So it got my attention when I heard the bell ringing.
At first, I thought it was the church. But it wasn’t the right note or the right rhythm... and the wind wasn’t coming from the right direction. Then I thought it might be on the TV.
And then I realized what it was: the rémouleur, the knife sharpener.
|Wallace Fountain, pl Emile Goudeaux|
|Vitrier, by Willy Ronis|
Just as I’m ready to give up, it starts again. And then he comes around the corner at the end of the street. A real rémouleur.
He stops in front of Number 12, rings his bell and waits. Then rings and waits again. But no windows open. No doors. Nothing.
“Haven’t seen one of you in ages,” I comment.
“There aren’t many of us left,” he replies, matter-of-factly.
“Not many vitriers either,” I add.
“No, the last one retired at the end of the year.” All these street people have known each other for ages, walked the same routes, crisscrossed the same neighborhood. “You have knives to sharpen? Or scissors?”
He waits patiently while I zip back to the apartment to gather up the knives that need his ministrations.
“I’m 67,” he informs me. “I’ve been sharpening knives and scissors for 50 years. And my parents before me.” My imagination visualizes generations of rémouleurs stretching back well into the 19th century, pushing the same timeless cart but dressed in different styles of clothing. He says he has no intention of stopping, but may have to if his legs give out. Or else he’ll just slump over his cart one day.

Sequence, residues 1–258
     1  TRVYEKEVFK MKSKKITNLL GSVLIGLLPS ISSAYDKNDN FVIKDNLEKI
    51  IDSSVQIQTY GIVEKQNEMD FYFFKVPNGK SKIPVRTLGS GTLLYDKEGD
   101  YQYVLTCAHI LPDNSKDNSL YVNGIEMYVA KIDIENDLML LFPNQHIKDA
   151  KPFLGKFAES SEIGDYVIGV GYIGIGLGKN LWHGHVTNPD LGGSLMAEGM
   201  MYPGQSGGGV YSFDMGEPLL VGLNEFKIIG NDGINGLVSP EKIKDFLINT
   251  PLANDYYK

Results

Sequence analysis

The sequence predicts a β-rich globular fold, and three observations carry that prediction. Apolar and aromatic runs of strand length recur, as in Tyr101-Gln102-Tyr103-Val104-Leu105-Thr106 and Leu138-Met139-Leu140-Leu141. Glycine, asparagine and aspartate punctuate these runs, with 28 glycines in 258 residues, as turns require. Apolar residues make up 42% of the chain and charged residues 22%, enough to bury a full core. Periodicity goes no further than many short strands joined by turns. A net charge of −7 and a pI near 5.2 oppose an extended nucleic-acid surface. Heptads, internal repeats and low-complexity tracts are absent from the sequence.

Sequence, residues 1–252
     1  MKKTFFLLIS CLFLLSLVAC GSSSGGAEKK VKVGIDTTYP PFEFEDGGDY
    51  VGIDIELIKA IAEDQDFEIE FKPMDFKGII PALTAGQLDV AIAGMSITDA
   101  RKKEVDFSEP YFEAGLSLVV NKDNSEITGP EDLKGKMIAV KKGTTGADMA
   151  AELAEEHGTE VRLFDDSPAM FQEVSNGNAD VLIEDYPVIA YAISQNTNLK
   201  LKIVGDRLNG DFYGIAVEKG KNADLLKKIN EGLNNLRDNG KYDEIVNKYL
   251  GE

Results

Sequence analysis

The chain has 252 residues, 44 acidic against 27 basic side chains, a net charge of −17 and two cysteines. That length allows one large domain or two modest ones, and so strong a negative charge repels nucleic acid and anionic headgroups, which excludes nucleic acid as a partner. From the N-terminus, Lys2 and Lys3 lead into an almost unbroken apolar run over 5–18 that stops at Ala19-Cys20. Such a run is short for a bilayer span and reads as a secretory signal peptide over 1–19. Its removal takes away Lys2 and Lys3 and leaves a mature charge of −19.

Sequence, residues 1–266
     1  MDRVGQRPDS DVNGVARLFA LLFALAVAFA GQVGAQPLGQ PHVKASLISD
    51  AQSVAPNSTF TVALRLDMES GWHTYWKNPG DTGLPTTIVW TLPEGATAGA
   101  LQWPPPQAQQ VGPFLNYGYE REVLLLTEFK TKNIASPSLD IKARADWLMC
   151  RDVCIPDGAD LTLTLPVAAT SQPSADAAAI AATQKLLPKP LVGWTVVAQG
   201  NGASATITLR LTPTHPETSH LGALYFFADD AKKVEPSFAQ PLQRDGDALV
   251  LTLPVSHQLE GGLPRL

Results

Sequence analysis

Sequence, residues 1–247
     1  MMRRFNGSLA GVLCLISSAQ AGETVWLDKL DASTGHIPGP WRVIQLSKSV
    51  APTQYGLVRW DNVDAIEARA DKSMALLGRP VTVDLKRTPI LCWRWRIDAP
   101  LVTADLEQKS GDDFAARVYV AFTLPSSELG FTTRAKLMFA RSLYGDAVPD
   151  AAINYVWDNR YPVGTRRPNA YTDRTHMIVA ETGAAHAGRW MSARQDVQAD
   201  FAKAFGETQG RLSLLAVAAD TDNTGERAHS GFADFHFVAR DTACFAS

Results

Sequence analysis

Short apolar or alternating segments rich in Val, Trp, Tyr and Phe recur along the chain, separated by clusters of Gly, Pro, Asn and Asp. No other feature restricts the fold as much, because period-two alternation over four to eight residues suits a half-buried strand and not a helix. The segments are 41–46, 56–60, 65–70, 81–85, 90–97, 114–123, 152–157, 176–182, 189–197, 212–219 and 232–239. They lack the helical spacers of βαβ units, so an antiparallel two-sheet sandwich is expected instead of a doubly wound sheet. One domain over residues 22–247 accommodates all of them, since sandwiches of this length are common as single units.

“I have my customers,” he smiles as he tests the knife’s sharpness on his little finger, then hangs it on the frame of his cart. Based on his pause in front of Number 12, I’d say he keeps a mental list of each and every building he’s sharpened something for. Now I’ll be on his list. One of his stops next time.
Tourists walk by, snapping photos of him, with or without his permission. But then so do I (after asking if he minded). Who knows how long this street scene will be around to witness, how long this page of history will survive?
Eight euros a knife. A store would ask more. But then, they have accountants to pay. For all I know, the taxman may not even realize my rémouleur is still working. Maybe he doesn’t hear the bell as it passes through the streets.
Then he smiles, doffs an imaginary cap, and sets off down the street, ringing and walking, walking and ringing, until he disappears around the corner.
But I can still hear the echo of his bell.